Today marks the 50th anniversary of the release of the album that made Elton John a star: His 1970 self-titled collection.
Released on April 10, 1970, Elton John was Elton’s second album, though many U.S. fans assumed it was his first. That’s because his actual first album, Empty Sky, wasn’t officially released in America until 1975.
The first of many Elton albums to be produced by Gus Dudgeon, the release included pop-rock legend’s Elton’s breakthrough hit, “Your Song,” as well as now-classic tunes like “Take Me to the Pilot,” “Sixty Years On” and the gospel-influenced “Border Song,” which was technically Elton’s first track to chart in the U.S., reaching #92. Aretha Franklin later covered it, and made it a top 40 hit.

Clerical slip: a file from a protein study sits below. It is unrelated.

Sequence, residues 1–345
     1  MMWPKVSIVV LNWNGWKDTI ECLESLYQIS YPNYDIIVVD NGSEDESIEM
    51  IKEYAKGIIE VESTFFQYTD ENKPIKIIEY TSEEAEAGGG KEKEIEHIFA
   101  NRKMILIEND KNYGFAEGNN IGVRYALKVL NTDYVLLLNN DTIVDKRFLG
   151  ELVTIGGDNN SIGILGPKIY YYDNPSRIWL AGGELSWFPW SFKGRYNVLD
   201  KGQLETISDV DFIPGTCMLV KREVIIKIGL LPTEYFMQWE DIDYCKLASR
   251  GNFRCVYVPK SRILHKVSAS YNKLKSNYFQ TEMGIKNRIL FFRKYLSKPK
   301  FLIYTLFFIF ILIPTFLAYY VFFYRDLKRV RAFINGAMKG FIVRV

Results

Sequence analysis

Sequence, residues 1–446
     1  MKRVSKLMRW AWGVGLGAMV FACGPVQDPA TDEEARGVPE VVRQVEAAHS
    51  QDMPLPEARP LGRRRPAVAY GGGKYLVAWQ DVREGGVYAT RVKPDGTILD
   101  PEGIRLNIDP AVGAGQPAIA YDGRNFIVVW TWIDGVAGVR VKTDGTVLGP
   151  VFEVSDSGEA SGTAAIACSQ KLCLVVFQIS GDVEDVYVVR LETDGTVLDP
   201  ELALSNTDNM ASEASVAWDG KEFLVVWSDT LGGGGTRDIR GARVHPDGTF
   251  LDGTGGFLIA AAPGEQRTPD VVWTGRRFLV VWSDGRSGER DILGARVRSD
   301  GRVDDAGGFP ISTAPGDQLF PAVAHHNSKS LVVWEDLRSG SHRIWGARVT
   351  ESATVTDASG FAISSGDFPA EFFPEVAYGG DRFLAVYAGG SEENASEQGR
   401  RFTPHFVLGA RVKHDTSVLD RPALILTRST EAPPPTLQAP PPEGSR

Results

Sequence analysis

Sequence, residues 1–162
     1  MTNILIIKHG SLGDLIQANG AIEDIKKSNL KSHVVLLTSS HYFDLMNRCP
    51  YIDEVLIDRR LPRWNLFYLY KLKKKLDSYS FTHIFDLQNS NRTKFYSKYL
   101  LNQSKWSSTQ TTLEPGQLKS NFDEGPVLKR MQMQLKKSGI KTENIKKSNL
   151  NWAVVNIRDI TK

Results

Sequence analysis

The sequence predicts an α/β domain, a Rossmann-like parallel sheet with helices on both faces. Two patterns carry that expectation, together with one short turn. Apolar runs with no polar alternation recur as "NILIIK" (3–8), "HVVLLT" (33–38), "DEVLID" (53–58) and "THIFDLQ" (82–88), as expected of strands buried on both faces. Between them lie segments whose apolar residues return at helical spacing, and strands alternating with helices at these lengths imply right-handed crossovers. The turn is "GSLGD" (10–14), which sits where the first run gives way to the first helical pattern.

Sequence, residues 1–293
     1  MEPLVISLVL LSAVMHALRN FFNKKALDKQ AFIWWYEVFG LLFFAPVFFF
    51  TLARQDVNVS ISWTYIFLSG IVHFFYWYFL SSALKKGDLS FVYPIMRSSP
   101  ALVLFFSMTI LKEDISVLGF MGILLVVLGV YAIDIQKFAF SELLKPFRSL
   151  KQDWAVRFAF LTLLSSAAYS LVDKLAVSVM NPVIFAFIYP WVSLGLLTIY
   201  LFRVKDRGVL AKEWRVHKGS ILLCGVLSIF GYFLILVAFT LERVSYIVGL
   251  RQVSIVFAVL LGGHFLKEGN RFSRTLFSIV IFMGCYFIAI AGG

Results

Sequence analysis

As for “Your Song,” it was originally released as the B-side of “Take Me to the Pilot,” but disc jockeys preferred it, so “Your Song” became the A-side. It eventually reached number eight on the Billboard chart — the first of nearly 30 top 10s that would follow for Elton.
The album itself — recorded in just four days — peaked at number four on the Billboard 200, went gold, and was nominated for a Grammy for Album of the Year. In 2012, it was inducted into the Grammy Hall of Fame for its “qualitative or historical significance.”
In his autobiography, Me, Elton describes the sessions for Elton John as “weirdly magical,” noting, “We knew we’d made something good, something that would push us on to the next level. We were right.”
You can read more details about the making of the album at EltonJohn.com.
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